For Goldman Sachs, it was a relatively small transaction. But for the bank — and the rest of Wall Street — the stakes couldn't be higher.
Accusations that Goldman defrauded customers who bought investments tied to risky subprime mortgages have only just begun to reverberate through the financial world.
The civil lawsuit that the Securities and Exchange Commission filed against Goldman on Friday seemed to confirm many Americans' worst suspicions about Wall Street: that the game is rigged, the odds stacked in the banks' favor. It is the first big case — but probably not the last, legal experts said — to delve into a Wall Street firm's role in the mortgage fiasco.
It is a particularly sensitive time for Wall Street. Washington policymakers are hotly debating a sweeping overhaul of the nation's financial regulations, and the news could embolden those seeking to rein in the banks. President Barack Obama on Saturday stepped up pressure for financial reform by accusing Republicans of "cynical and deceptive" attacks on the measure.
The SEC's action could also hit Wall Street where it really hurts: the wallet. It could prompt dozens of investor claims against Goldman and other Wall Street titans that devised and sold toxic mortgage investments.
On Saturday, several European banks that lost money in the deal said they were reviewing the matter. They could try to recoup the money from Goldman.
And it raises new questions about Goldman, the bank at the center of more concentric circles of economic and political power than any other on Wall Street. Goldman — whose controversial success has leapt from the financial pages to the cover of Rolling Stone — has fiercely defended its actions before, during and after the financial crisis. On Friday, it called the SEC's accusations "unfounded."
Wall Street played a complex and, at times, seemingly conflicted role in the mortgage collapse. Goldman and others worked behind the scenes, bundling home loans into investments for sale to investors the world over. Even now, more than 18 months after Washington rescued the teetering financial system, no one knows for sure how much money was lost on those investments.
The public outcry against the bank bailouts was driven in part by suspicions that a heads-we-win, tails-you-lose ethos pervades the financial industry. To many, that Goldman and others are once again minting money — and paying big bonuses to their employees — is evidence that Wall Street got a sweet deal at taxpayers' expense. The accusations against Goldman may only further those suspicions.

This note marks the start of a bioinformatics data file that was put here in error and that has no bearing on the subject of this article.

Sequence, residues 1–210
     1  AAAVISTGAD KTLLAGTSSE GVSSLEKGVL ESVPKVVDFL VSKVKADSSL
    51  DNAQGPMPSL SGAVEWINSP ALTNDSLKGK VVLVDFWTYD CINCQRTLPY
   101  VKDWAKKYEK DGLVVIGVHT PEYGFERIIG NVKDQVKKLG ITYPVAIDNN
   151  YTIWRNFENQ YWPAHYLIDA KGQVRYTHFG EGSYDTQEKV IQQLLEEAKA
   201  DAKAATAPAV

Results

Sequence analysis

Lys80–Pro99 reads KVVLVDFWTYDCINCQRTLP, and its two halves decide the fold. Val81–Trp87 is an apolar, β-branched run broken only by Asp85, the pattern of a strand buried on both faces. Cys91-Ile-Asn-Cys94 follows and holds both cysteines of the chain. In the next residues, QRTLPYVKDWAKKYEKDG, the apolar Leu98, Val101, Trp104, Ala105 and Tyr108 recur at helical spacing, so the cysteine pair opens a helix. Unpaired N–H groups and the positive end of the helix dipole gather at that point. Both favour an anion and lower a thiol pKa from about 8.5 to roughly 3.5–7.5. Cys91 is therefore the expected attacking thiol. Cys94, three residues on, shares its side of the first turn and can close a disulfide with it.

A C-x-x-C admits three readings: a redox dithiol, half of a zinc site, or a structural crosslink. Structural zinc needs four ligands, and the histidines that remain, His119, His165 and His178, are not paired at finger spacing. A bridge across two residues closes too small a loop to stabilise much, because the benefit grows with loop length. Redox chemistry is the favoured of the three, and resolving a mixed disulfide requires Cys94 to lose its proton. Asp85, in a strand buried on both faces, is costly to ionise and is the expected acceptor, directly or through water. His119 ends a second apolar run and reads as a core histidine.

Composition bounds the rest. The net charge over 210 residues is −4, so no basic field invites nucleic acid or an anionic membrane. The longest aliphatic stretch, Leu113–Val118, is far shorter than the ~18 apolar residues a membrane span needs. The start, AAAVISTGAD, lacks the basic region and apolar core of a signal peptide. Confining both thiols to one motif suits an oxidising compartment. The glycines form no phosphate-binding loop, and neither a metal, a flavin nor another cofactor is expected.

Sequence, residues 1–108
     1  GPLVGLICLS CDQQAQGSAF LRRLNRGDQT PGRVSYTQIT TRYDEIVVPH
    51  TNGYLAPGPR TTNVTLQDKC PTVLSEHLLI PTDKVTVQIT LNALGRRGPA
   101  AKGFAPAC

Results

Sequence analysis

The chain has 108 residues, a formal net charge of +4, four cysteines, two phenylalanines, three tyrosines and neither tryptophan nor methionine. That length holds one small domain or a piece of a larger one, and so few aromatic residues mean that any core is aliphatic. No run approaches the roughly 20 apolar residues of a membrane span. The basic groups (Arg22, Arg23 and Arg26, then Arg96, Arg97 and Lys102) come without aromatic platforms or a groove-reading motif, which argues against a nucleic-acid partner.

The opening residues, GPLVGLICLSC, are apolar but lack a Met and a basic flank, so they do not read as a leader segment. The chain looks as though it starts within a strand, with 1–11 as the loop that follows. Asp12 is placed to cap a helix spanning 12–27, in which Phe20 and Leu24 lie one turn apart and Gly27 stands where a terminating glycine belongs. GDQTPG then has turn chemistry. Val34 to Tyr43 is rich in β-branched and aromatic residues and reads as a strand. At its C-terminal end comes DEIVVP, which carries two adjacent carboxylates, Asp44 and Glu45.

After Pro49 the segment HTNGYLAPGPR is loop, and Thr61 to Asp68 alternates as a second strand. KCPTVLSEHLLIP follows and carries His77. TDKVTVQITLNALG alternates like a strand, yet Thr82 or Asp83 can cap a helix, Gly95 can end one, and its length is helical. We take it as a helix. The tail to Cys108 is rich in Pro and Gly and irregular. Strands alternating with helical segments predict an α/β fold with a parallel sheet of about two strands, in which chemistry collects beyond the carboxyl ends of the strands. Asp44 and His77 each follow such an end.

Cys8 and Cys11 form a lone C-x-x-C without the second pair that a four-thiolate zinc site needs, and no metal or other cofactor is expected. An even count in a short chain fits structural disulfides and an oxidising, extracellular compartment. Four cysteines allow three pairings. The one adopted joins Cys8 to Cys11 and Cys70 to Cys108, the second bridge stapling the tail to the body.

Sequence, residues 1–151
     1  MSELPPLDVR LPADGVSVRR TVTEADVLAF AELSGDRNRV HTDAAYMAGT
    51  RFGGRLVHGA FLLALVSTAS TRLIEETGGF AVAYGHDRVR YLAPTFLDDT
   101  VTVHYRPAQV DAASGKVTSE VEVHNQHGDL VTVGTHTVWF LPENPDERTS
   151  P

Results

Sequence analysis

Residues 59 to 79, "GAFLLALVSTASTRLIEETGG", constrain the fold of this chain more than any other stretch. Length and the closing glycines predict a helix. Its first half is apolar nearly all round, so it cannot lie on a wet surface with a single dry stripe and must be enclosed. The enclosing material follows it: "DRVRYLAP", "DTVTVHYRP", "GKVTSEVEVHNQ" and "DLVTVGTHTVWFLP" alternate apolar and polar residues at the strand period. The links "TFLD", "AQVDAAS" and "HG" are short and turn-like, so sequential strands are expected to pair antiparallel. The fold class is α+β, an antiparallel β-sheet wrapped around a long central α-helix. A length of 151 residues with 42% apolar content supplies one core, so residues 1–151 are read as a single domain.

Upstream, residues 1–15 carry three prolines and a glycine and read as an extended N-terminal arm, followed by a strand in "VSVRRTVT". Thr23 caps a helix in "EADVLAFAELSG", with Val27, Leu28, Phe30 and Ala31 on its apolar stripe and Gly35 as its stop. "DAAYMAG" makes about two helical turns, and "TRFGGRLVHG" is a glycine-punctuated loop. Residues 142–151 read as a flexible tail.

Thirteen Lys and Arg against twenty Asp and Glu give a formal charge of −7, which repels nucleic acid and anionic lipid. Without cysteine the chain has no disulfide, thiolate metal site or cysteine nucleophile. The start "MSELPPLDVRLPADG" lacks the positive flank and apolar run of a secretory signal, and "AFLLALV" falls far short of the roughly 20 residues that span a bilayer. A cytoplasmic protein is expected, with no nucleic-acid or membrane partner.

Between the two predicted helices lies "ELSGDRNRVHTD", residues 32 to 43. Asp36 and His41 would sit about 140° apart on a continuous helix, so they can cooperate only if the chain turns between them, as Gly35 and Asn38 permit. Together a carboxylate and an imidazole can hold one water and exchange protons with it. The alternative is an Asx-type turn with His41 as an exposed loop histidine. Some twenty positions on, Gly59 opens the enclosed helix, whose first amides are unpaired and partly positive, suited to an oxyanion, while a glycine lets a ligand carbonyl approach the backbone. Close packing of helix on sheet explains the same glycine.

"The SEC suit against Goldman, if proven true, will confirm to people their suspicions about the total selfishness of these financial institutions," said Steve Fraser, a Wall Street historian and author of Wall Street: America's Dream Palace. "There's nothing more damaging than that. This is way beyond recklessness. This is way beyond incompetence. This is cynical, selfish exploiting."
On Friday, Goldman's stock took a beating, falling 13 percent and wiping out more than $10 billion of the company's market value. It was a possible sign that investors fear that the SEC complaint will damage Goldman's reputation and its ability to keep its hands on so many sides of a trade — a practice that is immensely profitable for the firm.
It is unclear whether the SEC can prevail against Goldman. The bank has long maintained that it puts its clients first and, in a letter in its latest annual report, it reiterated that position. Goldman said it never "bet against our clients" in its trades but rather was trying to hedge against other trading positions.
The transaction cited in the SEC complaint cost investors just over $1 billion, relatively small by Wall Street standards.
Still, Wall Street analysts said Goldman and other banks, having navigated the financial crisis, might now face a new kind of risk: angry investors. Most major Wall Street banks also created collateralized debt obligations, which are at the heart of the Goldman case. CDOs, which are essentially bundles of securities backed by mortgages or other debt securities, turned out to be among the most toxic investments ever devised.
The biggest victim among investors, the SEC complaint said, was the Royal Bank of Scotland, which inherited a loss of $841 million after it took over the Dutch bank ABN Amro. According to a person briefed on the matter, the Royal Bank, now controlled by the British government, is studying the documents but is not ready to decide whether to try to recoup money from Goldman.
The German bank IKB Deutsche Industriebank, as well as the German government, which in 2007 put up billions to prevent IKB from collapsing, still seemed to be sorting out who might have legal standing to pursue a possible claim.
Goldman faces a dilemma in its response. Wall Street firms tend to settle cases like this one, but Goldman's statement on Friday indicated it intended to dig in its heels and fight, perhaps in part to discourage suits by investors. That strategy could set it up for a long, messy and public battle.